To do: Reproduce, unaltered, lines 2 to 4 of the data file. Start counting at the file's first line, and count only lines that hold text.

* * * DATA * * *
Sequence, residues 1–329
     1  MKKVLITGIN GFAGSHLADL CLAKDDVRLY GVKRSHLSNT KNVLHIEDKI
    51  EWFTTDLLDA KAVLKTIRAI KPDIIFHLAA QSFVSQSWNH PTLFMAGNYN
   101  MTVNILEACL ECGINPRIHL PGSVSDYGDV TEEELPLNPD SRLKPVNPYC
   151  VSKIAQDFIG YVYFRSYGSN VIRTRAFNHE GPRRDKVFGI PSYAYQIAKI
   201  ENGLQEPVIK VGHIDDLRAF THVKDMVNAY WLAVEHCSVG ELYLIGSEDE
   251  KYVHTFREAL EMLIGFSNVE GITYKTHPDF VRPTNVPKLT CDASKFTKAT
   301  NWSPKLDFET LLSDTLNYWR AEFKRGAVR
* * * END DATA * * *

     1  MKKVLITGIN GFAGSHLADL CLAKDDVRLY GVKRSHLSNT KNVLHIEDKI
    51  EWFTTDLLDA KAVLKTIRAI KPDIIFHLAA QSFVSQSWNH PTLFMAGNYN
   101  MTVNILEACL ECGINPRIHL PGSVSDYGDV TEEELPLNPD SRLKPVNPYC